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Old 07-30-2017, 08:32 AM   #40
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I've got some WWII aircraft radios and, IIRC, the visible screw-nut surfaces have a tiny dab of what looks like fingernail polish.
Glyptol?
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Old 07-30-2017, 08:37 AM   #41
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This is good to know. Especially the part about eyes! And I didn't know there was a brush-application style. I agree, the regular stuff is too runny.

I'll add another item to the "things that should be known list", which is that most bug spray, DEET or not, will strip the finish off wood items. I go to a few bluegrass/folk jams every summer, and have seen the finish stripped off some very expensive instruments by bug spray...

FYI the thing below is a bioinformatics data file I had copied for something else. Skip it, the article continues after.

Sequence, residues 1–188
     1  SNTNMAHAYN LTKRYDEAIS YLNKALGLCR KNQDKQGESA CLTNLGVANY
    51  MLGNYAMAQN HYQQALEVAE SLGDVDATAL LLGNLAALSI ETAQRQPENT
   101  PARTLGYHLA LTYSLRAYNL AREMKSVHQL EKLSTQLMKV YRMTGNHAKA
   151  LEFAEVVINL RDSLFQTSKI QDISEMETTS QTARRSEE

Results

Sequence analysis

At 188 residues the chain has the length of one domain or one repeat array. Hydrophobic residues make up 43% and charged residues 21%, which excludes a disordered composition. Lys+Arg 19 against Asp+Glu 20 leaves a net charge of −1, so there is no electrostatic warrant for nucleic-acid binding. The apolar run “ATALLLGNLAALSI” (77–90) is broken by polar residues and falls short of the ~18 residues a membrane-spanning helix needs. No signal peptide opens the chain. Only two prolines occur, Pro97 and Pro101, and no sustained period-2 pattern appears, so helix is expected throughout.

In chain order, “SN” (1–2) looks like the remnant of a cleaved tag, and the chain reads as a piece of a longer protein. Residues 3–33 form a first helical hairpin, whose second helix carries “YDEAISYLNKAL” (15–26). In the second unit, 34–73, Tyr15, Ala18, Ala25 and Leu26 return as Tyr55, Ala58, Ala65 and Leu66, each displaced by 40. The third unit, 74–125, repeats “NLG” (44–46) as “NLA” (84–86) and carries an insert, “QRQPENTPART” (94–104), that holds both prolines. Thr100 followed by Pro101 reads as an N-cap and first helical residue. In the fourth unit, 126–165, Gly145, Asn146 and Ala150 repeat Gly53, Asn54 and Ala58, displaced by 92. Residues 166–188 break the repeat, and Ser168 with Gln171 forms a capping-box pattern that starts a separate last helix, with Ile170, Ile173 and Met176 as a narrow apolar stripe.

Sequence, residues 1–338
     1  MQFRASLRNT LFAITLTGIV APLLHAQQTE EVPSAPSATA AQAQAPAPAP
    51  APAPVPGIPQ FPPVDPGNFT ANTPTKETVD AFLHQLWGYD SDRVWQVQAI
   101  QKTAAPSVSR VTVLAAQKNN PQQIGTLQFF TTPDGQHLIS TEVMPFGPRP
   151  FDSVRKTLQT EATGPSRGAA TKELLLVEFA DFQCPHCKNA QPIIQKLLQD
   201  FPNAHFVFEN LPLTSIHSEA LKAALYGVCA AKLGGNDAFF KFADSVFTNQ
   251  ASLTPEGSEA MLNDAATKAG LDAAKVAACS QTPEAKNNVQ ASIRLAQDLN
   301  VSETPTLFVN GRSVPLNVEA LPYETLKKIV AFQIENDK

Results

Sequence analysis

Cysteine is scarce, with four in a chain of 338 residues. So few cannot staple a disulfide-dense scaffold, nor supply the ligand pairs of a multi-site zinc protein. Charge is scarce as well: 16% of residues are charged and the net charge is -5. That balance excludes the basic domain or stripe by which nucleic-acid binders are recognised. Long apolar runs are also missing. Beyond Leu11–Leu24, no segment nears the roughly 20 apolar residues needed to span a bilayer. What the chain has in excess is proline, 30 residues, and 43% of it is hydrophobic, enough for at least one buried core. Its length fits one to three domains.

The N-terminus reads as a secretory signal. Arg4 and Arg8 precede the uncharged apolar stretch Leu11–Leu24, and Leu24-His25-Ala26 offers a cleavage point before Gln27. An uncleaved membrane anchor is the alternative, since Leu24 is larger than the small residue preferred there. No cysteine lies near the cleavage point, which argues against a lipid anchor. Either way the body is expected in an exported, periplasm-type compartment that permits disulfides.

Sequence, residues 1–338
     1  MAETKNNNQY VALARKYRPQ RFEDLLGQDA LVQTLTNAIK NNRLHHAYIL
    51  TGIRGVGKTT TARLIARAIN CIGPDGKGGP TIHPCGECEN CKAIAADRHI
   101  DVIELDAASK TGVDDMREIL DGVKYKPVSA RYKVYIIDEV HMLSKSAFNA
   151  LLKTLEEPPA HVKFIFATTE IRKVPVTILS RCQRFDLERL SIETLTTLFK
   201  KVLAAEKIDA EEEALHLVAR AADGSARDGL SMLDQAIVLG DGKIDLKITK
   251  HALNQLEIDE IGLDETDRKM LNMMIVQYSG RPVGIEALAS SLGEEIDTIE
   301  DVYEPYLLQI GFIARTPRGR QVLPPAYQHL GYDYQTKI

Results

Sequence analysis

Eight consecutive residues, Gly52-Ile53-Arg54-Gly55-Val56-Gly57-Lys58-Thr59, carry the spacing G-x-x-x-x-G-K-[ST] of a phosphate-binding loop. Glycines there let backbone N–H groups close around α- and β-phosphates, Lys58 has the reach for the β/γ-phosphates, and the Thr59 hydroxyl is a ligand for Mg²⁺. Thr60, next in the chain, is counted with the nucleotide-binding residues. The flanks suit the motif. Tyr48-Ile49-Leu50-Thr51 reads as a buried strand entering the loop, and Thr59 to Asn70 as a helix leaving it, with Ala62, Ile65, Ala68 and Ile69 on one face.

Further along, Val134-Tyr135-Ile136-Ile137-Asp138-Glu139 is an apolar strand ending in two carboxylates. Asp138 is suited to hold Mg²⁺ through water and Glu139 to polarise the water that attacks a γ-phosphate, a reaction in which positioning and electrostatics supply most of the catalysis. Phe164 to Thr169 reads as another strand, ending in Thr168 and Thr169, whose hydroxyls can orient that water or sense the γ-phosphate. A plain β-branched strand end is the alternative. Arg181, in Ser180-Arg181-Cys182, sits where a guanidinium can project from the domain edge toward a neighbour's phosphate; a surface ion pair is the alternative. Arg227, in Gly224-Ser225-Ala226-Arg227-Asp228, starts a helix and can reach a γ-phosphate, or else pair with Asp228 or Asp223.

You have to just suffer through the mosquitoes.

I wonder what that tiny dab of fingernail polish is? Sort of like a stake nut I guess.
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Old 07-30-2017, 10:26 AM   #42
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Glyptol?
Well, I looked up glyptol since I never heard of it. I think that's unlikely as it is intended as an insulator and is likely too expensive. I also don't know if it existed back then.

I imagine that on assembly just after calibration they dabbed a little on to 1) fix it in place and protect it from vibration, and 2) to make it visible if anything changed. Something cheap, visible, and that will adhere to metal like fingernail polish would do.